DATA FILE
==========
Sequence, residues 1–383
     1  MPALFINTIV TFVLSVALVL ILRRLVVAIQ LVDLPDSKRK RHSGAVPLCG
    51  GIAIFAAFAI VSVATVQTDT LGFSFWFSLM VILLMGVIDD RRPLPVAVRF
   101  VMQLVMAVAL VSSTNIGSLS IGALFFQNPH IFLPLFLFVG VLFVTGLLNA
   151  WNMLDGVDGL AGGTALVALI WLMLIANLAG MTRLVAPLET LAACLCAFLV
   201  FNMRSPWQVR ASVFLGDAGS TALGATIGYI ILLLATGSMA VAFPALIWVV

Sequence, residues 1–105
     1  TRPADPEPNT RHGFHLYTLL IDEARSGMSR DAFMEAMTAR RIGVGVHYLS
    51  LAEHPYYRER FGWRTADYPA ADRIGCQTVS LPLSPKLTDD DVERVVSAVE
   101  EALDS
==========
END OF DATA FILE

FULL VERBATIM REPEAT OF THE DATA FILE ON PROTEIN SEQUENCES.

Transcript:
Sequence, residues 1–383
     1  MPALFINTIV TFVLSVALVL ILRRLVVAIQ LVDLPDSKRK RHSGAVPLCG
    51  GIAIFAAFAI VSVATVQTDT LGFSFWFSLM VILLMGVIDD RRPLPVAVRF
   101  VMQLVMAVAL VSSTNIGSLS IGALFFQNPH IFLPLFLFVG VLFVTGLLNA
   151  WNMLDGVDGL AGGTALVALI WLMLIANLAG MTRLVAPLET LAACLCAFLV
   201  FNMRSPWQVR ASVFLGDAGS TALGATIGYI ILLLATGSMA VAFPALIWVV

Sequence, residues 1–105
     1  TRPADPEPNT RHGFHLYTLL IDEARSGMSR DAFMEAMTAR RIGVGVHYLS
    51  LAEHPYYRER FGWRTADYPA ADRIGCQTVS LPLSPKLTDD DVERVVSAVE
   101  EALDS